File spoon-archives/lyotard.archive/lyotard_2001/lyotard.0111, message 30

Subject: RE: Does the Other Exist?
Date: Wed, 7 Nov 2001 08:32:20 -0600

>What I find provocative is that Badiou helps to illuminate this
>tradition in some provocative ways, even when he is muleheaded and
>wrong. Sometimes when a man carries a candle in broad daylight he helps
>reveal things that might otherwise stay hidden.

I loved this. Thanks, eric, for your explanations. I appreciate them.
And...i will read the book. I personally have a lot of problems with
some of Levinas's work, but I get exhausted by the seemingly endless
attempts to dismiss it without first really hearing it. 

I'll get the book. Thnx!

Best, ddd

  D. Diane Davis
  Division of Rhetoric and Composition
  Department of English
  University of Texas at Austin
  PARLIN 227  (512-471-8765)
  Austin TX 78712-1122

> -----Original Message-----
> From: [mailto:owner-
>] On Behalf Of Mary Murphy&Salstrand
> Sent: Tuesday, November 06, 2001 10:52 PM
> To:
> Subject: Re: Does the Other Exist?
> Diane:
> I can appreciate your struggle with Badiou. Please understand that I
> writing out these summaries to understand Badiou's argument more
> (and I hope that by stimulating discussion here this will also achieve
> similar effect.) That certainly doesn't mean I believe in everything
> Badiou is saying. I am not a Badiou fundamentalist.
> You mention the Deleuze book... (maybe after the ethics, we can
> this some more) My position is ambivalent, somewhere between what you
> call "outrageous--incredibly arrogant and self-serving" and what Steve
> calls simply a misreading.
> My own view is that Deleuze emerges from this book as a much stranger
> figure, but Badiou does clarify some of the issues regarding Deleuze,
> Heidegger and himself. Badiou regards Deleuze seriously and
> and his criticisms point toward a greater philosophical understanding
> what Deleuze's achievement really is.
> (As you can see, my reading of this book is more positive.  Here again
> though I certainly don't completely agree with the way Badiou
> Deleuze or himself for that matter. With the exception of "The Fold"
> Badiou concentrates on the early Deleuze and pretty much ignores
> Anti-Oedipus and 1,000 Plateaus)
> Regarding Levinas, I think my comments were close to the overall
> argument Badiou is making. (Keep in mind, this is a short book and
> polemical.) I would agree Badiou makes Levinas into something of a
> man, but I also think it is possible to make the charge that there is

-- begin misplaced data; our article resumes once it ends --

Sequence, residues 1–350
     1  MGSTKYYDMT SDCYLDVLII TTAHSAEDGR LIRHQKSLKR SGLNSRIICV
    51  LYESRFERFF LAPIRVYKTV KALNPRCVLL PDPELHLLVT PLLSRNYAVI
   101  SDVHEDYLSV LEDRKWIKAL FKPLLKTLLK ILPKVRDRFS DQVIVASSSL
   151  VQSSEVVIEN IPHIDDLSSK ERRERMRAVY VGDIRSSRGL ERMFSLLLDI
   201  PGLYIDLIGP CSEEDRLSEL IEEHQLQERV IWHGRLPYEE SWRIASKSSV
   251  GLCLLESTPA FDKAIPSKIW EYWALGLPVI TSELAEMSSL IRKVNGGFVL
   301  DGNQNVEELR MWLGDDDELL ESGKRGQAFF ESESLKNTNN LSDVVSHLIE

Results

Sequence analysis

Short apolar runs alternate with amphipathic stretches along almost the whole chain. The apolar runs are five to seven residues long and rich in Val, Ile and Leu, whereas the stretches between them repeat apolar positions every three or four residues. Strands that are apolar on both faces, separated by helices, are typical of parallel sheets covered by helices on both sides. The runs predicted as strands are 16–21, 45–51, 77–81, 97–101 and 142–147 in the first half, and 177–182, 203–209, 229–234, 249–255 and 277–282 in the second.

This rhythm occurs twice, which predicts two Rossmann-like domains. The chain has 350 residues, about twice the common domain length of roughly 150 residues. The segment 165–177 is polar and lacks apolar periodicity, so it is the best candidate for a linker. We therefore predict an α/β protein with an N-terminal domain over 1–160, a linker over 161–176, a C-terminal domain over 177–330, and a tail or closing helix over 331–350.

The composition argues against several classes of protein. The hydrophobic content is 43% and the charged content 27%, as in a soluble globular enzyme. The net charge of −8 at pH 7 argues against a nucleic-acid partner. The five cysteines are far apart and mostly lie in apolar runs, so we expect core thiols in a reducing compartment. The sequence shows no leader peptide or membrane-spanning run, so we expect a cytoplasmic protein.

> something anti-philosophical about Levinas, if only for the way that
> attempts to have ethics trump over ontology and the Other over the
> Same.
> (I think this is the basis for some of Lyotard's critique of Levinas
> well in the essay "Levinas' Logic" and in the chapter on ethics in
> Differend.")
> This really demands a huge discussion.  I know we started it this past
> summer and never really did it full justice.
> I agree with you that Badiou also doesn't really do justice either to
> the complexity of Levinas' philosophy and the link he makes between
> Levinas and other philosophers of difference with regard to piety
> just a little too facile.
> I confess I did enjoy reading Badiou's Ethics, but also feel somehow
> though I was reading Badiou aslant. Certainly the arguments against
> difference did not make the impression on me that they clearly did
> Steve.
> I was much more taken with the positive statement on ethics that
> makes - the figure of the Immortal. (Even though here as well, there
> much that is problematic.  What makes Heidegger's reading of Nazism a
> simulcra and Badiou's reading of the Chinese Cultural Revolution an
> event? I wish I knew the criterion of truth Badiou uses!)
> It would take too long to go into my own philosophical project
> but basically I see it as attempting to develop a postmodern
> reconstruction of Epicurean philosophy.
> The classic figures in ethics that seem most relevant for me with
> to ethics are Aristotle (with his ethics centered on eudaemonia and
> distinctions made between differing pleasures which prefigures
> Epicurus), Spinoza (who I see as combining both Epicurean and Stoic
> elements in his philosophy) and Kant (who I read more in terms of the
> autonomous and sublime components of his ethics rather than the
> normative and universal. For me, the third critique is ethical in many
> ways.) Then there is Lyotard, of course.
> What I find provocative is that Badiou helps to illuminate this
> tradition in some provocative ways, even when he is muleheaded and
> wrong. Sometimes when a man carries a candle in broad daylight he
> reveal things that might otherwise stay hidden.
> Hope this helps to show you where I am coming from a little bit more.
> eric


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